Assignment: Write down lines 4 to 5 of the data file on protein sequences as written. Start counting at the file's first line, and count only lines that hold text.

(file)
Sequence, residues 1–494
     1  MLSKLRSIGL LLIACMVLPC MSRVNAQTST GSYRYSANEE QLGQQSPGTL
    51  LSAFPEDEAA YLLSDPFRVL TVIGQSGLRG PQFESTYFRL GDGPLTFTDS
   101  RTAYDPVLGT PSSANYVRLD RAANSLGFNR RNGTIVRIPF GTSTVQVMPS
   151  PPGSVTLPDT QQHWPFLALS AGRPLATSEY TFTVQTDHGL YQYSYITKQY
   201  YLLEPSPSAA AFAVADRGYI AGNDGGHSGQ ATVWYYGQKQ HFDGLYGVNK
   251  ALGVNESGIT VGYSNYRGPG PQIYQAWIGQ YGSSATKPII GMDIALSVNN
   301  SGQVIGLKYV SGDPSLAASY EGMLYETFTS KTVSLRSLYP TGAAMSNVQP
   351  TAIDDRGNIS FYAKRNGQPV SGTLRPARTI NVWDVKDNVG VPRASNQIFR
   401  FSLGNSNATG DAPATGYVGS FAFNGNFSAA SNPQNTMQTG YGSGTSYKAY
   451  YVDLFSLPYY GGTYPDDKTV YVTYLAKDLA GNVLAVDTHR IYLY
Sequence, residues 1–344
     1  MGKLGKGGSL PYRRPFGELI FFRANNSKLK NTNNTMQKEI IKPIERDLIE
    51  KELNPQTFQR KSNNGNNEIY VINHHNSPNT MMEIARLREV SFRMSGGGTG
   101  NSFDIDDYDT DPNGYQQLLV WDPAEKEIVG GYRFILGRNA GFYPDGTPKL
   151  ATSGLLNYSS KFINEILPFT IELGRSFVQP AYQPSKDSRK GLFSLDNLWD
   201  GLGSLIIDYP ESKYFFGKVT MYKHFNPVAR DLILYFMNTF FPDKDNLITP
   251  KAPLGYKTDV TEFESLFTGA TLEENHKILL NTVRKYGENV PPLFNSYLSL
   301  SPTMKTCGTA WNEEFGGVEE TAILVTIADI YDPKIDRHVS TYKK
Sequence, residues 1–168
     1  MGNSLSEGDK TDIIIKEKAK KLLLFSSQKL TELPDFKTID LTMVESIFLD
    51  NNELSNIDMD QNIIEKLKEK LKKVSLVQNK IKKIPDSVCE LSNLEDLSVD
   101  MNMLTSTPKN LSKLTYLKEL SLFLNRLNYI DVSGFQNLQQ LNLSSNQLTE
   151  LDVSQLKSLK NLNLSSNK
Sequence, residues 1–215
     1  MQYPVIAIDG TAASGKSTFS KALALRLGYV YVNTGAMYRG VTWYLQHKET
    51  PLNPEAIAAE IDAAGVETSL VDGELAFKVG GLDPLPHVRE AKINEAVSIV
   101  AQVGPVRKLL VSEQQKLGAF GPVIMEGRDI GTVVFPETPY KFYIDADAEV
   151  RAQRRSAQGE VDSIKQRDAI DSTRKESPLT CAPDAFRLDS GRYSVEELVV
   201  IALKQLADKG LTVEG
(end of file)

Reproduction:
   101  RTAYDPVLGT PSSANYVRLD RAANSLGFNR RNGTIVRIPF GTSTVQVMPS
   151  PPGSVTLPDT QQHWPFLALS AGRPLATSEY TFTVQTDHGL YQYSYITKQY